R&D project develops bidirectional charging management for e-cars : Page 2 of 3

November 08, 2019 //By Christoph Hammerschmidt
R&D project develops bidirectional charging management for e-cars
Renewable energy – like solar and wind energy - is not continuously available. The intelligent linking of the energy networks with the traction batteries of electric vehicles could compensate for the peaks and troughs of the green energy supply whereby the batteries act as a buffer. A consortium with BMW as project partner is now exploring how best to do this.

According to the research consortium, the increasing number of electric vehicles on the road will require a small increase in the amount of electrical energy required. However, there is a growing need to control energy flows intelligently in order to make optimum use of electricity from renewable sources.

BMW is contributing its experience with similar projects in California to the research project. Building on this, BMW has developed an innovative solution for use in the German energy grid in cooperation with the grid operator TenneT, with which the charging strategy of electric vehicles takes into account not only the mobility plans of the customers but also the availability of green electricity and the utilisation of the electricity grid. In response to signals from the grid operator, connected vehicles can interrupt the charging process and continue it at a later point in time. Now the project partners want to go one step further and achieve stronger control effects: Parked electric vehicles connected to a charging station or wallbox can thus be used as flexible power storage devices. In phases of particularly high demand for electrical energy, they feed additional electricity into the grid.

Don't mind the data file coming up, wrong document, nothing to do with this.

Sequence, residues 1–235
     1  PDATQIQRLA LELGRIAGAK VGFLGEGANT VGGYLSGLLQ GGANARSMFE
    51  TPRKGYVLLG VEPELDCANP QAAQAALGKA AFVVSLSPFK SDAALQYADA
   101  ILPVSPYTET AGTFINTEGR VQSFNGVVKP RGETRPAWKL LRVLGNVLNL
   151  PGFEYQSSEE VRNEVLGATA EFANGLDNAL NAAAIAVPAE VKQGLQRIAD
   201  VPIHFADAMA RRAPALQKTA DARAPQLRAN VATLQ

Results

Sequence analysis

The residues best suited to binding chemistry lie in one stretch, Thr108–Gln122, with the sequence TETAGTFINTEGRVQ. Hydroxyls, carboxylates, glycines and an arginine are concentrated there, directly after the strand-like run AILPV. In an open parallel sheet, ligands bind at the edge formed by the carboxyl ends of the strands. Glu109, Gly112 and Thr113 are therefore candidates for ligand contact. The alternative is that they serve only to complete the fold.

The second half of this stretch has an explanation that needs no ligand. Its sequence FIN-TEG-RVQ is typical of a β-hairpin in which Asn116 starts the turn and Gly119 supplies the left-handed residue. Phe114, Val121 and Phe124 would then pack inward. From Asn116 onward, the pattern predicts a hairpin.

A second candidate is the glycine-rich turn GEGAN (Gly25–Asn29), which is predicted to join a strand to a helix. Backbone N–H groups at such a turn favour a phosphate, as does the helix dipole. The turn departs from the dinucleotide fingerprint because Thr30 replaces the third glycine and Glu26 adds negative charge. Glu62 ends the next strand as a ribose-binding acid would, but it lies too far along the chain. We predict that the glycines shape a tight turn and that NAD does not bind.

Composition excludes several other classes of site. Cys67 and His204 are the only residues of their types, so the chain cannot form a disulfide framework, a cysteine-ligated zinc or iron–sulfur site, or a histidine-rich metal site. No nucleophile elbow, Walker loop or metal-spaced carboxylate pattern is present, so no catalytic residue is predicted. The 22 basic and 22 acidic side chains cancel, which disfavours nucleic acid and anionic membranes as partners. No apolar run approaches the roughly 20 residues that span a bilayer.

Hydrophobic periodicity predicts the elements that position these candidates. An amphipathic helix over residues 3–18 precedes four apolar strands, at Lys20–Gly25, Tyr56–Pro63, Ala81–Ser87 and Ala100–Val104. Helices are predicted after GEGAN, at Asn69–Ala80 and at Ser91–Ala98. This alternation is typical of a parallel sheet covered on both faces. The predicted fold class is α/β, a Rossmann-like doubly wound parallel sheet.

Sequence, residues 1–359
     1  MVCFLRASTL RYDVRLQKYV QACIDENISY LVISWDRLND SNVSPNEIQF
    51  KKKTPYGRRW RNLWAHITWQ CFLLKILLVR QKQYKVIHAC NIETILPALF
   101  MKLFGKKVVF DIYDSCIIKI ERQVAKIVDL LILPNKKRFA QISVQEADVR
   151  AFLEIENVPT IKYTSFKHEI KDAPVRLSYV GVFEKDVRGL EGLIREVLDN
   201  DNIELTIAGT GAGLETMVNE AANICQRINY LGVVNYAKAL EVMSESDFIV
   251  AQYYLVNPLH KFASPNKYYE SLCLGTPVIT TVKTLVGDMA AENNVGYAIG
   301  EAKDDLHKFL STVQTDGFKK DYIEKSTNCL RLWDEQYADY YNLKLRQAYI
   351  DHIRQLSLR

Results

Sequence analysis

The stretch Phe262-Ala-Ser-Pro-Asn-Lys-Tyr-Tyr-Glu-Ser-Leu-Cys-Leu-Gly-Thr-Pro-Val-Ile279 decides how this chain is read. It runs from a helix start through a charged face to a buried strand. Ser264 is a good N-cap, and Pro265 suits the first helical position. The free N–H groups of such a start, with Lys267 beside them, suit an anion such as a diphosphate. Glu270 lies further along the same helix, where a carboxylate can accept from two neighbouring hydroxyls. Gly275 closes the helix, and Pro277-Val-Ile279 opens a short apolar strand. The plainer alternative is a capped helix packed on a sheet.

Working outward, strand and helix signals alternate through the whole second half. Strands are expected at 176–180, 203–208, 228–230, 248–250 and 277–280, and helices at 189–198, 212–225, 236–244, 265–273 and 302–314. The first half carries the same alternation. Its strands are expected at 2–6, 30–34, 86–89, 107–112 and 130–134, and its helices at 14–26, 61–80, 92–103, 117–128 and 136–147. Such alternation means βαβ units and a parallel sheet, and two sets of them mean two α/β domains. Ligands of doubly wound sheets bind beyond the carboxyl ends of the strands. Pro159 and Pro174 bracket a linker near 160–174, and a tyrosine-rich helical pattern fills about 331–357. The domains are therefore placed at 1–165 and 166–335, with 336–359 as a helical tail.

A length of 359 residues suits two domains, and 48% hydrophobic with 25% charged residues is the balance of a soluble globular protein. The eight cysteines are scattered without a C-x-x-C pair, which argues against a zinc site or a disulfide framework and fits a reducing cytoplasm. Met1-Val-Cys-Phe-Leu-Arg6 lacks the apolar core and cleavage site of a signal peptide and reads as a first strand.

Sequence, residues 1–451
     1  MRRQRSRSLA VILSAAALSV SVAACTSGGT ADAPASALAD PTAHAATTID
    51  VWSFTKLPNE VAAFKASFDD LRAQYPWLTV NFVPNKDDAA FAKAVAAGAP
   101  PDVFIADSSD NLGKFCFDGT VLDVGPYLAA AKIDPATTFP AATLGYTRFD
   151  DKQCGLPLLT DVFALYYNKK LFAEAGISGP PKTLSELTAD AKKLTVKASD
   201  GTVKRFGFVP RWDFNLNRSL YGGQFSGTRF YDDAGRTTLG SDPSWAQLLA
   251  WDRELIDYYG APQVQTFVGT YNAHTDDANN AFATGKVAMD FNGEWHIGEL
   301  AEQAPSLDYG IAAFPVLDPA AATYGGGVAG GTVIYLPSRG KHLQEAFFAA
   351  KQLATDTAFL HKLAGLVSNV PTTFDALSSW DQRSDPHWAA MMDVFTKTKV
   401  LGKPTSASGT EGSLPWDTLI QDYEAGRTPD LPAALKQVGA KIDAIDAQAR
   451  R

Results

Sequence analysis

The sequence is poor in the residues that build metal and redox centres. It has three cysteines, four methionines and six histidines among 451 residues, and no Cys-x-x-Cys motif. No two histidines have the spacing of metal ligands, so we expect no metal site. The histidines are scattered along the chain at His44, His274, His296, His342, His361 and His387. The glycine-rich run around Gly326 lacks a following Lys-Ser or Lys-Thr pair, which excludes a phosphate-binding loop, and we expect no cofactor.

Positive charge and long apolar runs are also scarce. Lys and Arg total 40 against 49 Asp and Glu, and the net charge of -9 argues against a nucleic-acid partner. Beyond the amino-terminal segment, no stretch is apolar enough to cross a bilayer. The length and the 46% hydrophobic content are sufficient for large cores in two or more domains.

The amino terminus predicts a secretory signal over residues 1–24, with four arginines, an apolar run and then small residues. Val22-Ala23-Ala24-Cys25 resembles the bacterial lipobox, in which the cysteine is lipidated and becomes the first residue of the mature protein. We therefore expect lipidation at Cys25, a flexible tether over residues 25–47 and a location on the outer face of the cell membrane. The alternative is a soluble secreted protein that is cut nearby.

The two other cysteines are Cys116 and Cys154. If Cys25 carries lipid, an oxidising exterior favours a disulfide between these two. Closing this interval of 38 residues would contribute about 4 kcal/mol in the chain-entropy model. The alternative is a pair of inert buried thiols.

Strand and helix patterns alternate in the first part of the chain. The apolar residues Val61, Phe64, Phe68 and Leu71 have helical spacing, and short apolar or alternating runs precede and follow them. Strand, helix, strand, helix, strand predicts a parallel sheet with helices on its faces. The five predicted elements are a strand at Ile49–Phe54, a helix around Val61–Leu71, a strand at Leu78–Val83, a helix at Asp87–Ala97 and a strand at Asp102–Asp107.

In contrast, their high-voltage batteries are charged primarily at times when the general energy requirement is lower. This means that electricity from renewable energy sources can be absorbed and stored exactly when it is available. And the stored energy can be used exactly when it is needed - for electric driving or to support the electricity networks. In the view of the project consortium, electromobility can help to stabilise the electricity grid, reduce the need to expand the grid and keep electricity prices stable.

At the same time, the intelligently controlled integration of e-vehicles into the power grid can further increase the share of renewable energy in total consumption. By using the storage capacities provided in the vehicle batteries, supply and demand in the area of green electricity can be better coordinated. This creates an energy buffer for wind and solar power plants.

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